|THE MAN WITH THE WESTERN HAT|
|East Coast Premiere|
|Cast: || Kerri Kenny, Carl Li, Stephanie Iscovitz, John Emmett Whitney, Grant Parker|
|Crew: || Producers: Stephanie Blackwood, Christina H. Choe, Stephanie Iscovitz, Melinda Ziyadat - Screenwriters: Cinder Chou
Anna encounters the handsome cowboy who appears to have stepped from the screen and onto the streets of Brooklyn. She soon discovers he may not be the hero she expected.
Cinder Chou is a Taiwanese-American writer / director / producer based in New York City. In her work, she is interested in exploring the mundane and the surreal, and the intersection of these two worlds.
Her experience working in Production on independent feature films and network TV for the last 7 years has afforded her a keen understanding of what it takes to pull a project together. Most importantly, she has learned what not do is as valuable as learning what to do, e.g. Don't: Drive trucks under low bridges (unless you want to see what a massive sardine can looks like in person). Do: Look up commercial driving routes.
She has 20 credits to her name, including acclaimed indie hits Sleepwalk With Me, While We're Young, and Shame.
Her short, What Happened To Susan, screened at the Big Apple Film Festival in 2015 and at the Winter Film Awards in 2016. Her short film script, AM / FM, was selected as a quarter finalist for the Creative Film Awards 2015.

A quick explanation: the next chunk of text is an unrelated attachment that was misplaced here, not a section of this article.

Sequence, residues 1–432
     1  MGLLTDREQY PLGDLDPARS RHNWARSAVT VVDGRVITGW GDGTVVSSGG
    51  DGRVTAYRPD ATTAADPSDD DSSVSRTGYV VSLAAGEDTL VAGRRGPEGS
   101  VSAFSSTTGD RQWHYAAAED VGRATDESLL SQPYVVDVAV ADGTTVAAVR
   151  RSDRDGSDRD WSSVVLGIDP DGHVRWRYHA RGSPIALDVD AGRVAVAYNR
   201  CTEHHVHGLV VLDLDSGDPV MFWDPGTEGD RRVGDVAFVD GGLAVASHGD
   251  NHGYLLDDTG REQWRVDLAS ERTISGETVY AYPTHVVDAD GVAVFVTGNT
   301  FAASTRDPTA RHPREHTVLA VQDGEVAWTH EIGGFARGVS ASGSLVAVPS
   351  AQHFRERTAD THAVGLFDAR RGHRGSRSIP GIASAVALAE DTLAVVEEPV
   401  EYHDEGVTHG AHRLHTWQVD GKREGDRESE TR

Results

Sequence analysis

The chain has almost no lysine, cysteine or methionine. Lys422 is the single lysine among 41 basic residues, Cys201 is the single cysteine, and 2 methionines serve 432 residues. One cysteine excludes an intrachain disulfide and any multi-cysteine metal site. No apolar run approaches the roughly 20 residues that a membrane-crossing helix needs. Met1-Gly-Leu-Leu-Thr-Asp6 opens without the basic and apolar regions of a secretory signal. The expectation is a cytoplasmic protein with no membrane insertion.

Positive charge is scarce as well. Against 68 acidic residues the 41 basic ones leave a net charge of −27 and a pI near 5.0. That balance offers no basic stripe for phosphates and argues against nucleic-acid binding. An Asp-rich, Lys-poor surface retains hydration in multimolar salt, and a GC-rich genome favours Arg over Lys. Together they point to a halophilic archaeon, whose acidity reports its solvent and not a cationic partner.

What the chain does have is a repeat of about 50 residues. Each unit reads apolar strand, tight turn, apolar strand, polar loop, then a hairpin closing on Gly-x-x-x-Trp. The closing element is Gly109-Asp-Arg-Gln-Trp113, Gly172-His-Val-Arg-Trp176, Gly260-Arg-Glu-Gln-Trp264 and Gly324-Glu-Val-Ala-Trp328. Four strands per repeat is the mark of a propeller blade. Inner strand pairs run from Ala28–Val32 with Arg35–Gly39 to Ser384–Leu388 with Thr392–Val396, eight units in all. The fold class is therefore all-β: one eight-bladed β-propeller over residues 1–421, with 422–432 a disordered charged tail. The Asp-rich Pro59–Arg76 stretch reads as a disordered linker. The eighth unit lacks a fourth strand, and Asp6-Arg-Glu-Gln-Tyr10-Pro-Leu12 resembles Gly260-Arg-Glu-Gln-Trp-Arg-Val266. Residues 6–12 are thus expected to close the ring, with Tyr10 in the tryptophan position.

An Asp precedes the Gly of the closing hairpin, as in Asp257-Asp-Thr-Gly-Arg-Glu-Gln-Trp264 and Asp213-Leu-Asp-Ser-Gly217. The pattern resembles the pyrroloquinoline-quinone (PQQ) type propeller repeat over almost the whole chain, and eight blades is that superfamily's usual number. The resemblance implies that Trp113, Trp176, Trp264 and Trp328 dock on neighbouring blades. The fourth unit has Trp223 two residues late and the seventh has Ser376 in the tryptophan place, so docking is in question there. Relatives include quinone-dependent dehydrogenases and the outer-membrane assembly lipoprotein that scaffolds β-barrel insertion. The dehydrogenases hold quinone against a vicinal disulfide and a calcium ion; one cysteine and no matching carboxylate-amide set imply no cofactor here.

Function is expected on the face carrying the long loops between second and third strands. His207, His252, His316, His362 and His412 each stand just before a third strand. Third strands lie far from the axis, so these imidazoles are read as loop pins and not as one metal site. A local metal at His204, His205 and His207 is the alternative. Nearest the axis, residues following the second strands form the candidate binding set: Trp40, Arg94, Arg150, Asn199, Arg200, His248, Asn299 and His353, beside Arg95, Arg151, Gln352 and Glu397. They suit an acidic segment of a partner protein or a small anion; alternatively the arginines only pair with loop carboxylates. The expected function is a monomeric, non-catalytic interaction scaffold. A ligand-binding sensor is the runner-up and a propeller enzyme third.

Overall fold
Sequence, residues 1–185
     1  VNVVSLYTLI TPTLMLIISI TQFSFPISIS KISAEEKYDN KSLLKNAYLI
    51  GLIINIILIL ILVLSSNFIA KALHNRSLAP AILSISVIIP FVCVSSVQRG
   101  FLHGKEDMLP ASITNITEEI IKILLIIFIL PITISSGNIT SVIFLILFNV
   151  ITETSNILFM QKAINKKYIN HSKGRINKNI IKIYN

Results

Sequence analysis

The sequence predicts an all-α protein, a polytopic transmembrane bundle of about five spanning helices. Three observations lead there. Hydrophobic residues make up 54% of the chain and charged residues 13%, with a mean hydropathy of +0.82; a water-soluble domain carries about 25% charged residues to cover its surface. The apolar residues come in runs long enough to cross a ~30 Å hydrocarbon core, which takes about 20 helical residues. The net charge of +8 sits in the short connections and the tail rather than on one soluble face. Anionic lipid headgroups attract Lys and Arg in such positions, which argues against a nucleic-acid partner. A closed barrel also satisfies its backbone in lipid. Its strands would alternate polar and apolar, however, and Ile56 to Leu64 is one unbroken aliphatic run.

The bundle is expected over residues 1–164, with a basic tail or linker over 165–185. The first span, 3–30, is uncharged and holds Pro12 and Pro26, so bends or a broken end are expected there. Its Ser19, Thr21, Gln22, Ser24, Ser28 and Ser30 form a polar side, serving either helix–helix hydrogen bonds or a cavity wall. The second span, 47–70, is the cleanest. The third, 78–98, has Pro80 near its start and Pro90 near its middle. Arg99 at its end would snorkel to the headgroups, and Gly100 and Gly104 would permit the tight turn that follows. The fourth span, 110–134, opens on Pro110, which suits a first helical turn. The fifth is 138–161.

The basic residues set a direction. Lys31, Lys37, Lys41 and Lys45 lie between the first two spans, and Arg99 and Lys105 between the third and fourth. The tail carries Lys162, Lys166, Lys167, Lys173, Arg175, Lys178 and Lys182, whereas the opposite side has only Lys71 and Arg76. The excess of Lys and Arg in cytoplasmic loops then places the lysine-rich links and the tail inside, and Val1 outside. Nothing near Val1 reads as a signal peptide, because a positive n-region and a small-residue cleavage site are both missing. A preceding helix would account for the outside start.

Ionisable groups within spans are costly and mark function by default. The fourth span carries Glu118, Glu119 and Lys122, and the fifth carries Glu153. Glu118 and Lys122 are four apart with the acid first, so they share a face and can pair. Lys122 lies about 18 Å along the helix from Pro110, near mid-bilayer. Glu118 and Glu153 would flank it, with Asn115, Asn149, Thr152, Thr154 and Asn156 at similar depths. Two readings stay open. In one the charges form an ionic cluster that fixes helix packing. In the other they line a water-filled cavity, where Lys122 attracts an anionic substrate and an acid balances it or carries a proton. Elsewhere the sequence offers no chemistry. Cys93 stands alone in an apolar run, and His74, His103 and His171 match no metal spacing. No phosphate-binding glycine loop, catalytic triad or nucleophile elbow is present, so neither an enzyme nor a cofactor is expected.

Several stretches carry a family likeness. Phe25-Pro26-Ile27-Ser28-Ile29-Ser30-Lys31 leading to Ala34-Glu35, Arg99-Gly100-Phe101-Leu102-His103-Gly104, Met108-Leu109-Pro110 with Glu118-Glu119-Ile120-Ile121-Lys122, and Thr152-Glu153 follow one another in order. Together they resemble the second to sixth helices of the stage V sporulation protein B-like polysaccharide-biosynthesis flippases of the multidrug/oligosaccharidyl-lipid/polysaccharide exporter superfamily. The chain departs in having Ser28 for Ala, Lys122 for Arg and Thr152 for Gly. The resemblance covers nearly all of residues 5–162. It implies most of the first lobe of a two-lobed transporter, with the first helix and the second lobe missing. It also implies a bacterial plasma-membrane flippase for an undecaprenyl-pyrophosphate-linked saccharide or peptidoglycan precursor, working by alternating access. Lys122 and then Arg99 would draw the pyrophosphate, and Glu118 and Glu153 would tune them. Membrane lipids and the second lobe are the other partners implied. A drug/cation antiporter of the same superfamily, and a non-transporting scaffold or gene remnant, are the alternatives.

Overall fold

Her Game of Thrones family motto would be "Small Yet Mighty"
The Man In The Western Hat is inspired by the uniquely Brooklyn experience of questioning whether what you are seeing is real or not. In the concrete jungle where all types of people live and breathe, the man with the western hat steps from the screen and enters the real world. One woman is faced with an indistinguishable reality that will challenge her very merit and self.
Anna encounters a man dressed as a cowboy. He looks and is dressed remarkably like the handsome hero from the western, Ain’t Yeller, a film she’s stolen from the neighborhood punk. When the cowboy first appears to Anna, she’s in the midst of an awkward conversation with Maggie, the young woman with whom we see Anna on a date at the beginning of the film. It’s not that Anna isn’t attracted to Maggie or doesn’t want to pursue it further. Rather, she’s afraid of dealing with the potential seriousness of her feelings. The cowboy appears as a welcome distraction and an escape from the situation at hand. When she sees the cowboy turn from hero to villain, Anna knows what she must do. With a courage she never knew existed, she is inspired to take control of her life. Sometimes all we need is a little magic.